At my work, we develop goals on a quarterly cadence, and we do so pretty thoughtfully in order to limit our focus on what the key achievements we’re striving for are.
This works great for me; Rosemary Orchard and I have spoken numerous times of the twelve week year on Nested Folders. What gets me every time, though, are the all-the-other-things: projects that might be needed or wanted, but which aren’t in service of my goals.
I think a lot about how full everyone’s days are. We consume content and ideas in all our waking hours. Anything we do is not just a thing we have chosen, but also a signal of something we have forgone. Silly finite time.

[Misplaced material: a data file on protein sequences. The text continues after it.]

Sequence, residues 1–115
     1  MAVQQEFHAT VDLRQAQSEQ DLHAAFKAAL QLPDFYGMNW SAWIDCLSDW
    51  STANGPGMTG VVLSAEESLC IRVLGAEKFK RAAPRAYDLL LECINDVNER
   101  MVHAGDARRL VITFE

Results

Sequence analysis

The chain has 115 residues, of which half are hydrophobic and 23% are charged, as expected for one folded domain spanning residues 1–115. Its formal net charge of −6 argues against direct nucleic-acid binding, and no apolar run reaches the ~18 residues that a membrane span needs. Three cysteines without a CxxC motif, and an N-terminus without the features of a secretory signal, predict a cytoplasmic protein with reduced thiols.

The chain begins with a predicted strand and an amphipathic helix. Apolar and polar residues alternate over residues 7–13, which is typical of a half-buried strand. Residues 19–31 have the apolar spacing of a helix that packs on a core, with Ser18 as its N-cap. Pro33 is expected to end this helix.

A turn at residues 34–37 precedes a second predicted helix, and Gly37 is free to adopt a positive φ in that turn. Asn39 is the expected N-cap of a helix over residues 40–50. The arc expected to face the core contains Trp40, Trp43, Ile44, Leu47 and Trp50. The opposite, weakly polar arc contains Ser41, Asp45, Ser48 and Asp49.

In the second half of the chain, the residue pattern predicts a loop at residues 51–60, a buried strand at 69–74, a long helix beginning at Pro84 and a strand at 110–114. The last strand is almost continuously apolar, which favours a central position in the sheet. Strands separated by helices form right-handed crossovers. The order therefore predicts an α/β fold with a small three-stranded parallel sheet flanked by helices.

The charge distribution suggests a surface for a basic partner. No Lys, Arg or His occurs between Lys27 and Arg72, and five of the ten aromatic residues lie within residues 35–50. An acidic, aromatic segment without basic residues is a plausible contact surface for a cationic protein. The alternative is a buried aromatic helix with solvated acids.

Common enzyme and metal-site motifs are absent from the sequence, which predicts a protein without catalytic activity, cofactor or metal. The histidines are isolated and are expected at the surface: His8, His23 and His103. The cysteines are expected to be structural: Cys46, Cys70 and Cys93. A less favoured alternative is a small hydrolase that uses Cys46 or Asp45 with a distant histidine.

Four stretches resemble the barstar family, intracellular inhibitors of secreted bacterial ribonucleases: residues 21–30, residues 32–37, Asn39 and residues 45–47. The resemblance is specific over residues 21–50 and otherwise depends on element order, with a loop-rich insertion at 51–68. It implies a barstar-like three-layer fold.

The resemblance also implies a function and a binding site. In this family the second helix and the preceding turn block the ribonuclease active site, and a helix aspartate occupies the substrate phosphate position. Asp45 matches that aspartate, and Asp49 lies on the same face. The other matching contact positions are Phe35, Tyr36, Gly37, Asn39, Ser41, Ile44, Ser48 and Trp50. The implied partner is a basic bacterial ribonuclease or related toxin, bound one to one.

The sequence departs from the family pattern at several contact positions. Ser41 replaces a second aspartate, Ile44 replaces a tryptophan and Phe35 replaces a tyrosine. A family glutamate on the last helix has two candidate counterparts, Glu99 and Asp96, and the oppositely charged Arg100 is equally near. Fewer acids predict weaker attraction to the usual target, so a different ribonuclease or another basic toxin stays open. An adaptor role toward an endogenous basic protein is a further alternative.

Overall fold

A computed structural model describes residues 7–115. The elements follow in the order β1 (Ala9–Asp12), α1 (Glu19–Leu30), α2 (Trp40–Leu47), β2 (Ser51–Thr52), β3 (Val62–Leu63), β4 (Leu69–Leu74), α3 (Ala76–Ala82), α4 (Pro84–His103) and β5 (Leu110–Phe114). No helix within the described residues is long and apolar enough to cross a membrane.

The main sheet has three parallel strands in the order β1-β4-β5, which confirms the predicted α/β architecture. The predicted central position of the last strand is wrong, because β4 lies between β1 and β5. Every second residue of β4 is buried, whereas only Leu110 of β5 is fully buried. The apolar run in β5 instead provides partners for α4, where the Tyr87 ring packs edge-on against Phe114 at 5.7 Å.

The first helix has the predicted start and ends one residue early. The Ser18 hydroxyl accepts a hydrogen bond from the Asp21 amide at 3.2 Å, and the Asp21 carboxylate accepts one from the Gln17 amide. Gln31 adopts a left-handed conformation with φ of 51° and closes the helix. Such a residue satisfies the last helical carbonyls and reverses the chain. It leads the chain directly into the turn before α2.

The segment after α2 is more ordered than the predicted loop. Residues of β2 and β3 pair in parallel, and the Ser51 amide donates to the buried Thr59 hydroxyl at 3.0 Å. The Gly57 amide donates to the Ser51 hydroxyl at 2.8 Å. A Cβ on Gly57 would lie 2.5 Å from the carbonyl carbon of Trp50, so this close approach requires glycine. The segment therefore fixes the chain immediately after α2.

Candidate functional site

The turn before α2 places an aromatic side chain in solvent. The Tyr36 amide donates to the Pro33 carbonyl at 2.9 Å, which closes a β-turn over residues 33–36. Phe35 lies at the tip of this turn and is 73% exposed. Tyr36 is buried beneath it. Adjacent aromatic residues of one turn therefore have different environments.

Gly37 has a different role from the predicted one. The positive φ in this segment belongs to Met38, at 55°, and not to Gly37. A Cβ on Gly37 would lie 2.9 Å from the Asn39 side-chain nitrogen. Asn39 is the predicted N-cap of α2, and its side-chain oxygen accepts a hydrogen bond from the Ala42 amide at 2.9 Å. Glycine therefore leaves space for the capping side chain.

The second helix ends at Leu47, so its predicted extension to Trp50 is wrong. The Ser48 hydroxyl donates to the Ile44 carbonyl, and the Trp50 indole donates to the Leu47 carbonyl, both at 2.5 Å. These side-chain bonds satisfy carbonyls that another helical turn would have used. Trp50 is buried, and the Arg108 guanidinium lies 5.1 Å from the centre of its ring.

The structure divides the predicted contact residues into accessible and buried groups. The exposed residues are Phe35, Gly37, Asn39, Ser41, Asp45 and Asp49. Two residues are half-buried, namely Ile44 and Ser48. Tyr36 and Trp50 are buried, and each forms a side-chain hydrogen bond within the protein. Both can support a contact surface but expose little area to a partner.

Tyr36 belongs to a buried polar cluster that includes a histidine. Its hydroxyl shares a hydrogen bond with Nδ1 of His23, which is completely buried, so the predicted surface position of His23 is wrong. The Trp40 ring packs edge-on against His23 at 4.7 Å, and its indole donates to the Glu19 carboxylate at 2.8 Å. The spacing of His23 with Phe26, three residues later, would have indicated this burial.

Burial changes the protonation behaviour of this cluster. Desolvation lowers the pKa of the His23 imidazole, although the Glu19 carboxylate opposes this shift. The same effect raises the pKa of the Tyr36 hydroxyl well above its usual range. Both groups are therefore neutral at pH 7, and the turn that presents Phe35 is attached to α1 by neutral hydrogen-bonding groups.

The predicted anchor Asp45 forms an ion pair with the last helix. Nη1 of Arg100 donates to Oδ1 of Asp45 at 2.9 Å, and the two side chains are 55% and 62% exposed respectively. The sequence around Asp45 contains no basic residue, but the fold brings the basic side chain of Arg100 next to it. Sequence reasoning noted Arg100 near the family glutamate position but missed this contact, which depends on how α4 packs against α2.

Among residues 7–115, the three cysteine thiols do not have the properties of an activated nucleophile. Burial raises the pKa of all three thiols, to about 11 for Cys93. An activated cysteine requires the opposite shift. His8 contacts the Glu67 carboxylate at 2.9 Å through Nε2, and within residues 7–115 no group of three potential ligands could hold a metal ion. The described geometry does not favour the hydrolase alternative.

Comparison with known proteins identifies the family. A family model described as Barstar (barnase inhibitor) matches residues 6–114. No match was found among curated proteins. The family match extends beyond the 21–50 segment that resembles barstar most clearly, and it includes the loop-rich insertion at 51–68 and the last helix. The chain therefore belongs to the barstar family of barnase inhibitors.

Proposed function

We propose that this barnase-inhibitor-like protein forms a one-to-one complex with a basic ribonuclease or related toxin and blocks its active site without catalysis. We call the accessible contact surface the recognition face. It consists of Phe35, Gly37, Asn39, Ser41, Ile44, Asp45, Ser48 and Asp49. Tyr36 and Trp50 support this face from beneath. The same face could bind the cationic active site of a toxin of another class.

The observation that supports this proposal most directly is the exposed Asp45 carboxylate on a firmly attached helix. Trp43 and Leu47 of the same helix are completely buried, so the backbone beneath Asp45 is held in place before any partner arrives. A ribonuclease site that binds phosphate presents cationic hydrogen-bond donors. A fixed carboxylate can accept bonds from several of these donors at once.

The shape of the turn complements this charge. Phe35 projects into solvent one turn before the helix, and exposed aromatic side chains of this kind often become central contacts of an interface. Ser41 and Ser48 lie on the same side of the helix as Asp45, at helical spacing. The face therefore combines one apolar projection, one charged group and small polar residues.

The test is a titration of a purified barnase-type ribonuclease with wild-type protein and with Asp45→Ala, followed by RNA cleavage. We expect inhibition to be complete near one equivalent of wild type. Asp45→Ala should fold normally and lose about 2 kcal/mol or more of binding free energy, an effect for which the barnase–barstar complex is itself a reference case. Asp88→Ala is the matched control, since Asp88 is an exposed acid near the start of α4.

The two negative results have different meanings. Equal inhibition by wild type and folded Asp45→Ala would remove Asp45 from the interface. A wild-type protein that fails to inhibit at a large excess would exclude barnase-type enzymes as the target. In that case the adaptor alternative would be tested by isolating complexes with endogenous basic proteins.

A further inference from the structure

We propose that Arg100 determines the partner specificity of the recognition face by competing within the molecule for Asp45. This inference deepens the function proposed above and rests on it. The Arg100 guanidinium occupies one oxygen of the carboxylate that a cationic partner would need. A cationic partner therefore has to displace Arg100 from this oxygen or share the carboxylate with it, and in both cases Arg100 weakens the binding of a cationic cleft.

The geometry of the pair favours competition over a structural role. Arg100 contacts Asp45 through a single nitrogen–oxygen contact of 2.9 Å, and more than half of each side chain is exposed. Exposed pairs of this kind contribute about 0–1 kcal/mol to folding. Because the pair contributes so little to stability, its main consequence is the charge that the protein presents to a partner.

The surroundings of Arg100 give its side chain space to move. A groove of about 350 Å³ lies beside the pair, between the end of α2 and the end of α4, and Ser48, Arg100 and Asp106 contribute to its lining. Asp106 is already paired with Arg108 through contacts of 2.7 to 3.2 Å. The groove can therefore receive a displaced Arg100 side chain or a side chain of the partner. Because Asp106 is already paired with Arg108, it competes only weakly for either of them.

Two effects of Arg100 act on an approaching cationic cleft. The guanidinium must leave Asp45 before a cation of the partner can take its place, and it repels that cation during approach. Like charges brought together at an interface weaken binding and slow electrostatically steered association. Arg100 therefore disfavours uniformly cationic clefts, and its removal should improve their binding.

In consideration of all of this, I now have two root folders in my task management system:
Obviously, goals contains the (small) number of projects and their associated tasks that map back to my goals. Everything else goes in Distractions.
Now, this doesn’t mean that I don’t work on projects or skip taking action on tasks inside the Distractions folder. I’d love to, but that isn’t practical.
What it does mean, though, is that I am reminded at every turn that a step towards project in Distractions is a step away from outcomes in Goals.
Choices have consequences, and I need to make sure I remember that. It might seem harsh to call critical things distractions, but left unchecked, the urgent and the critical will eat my goals for lunch.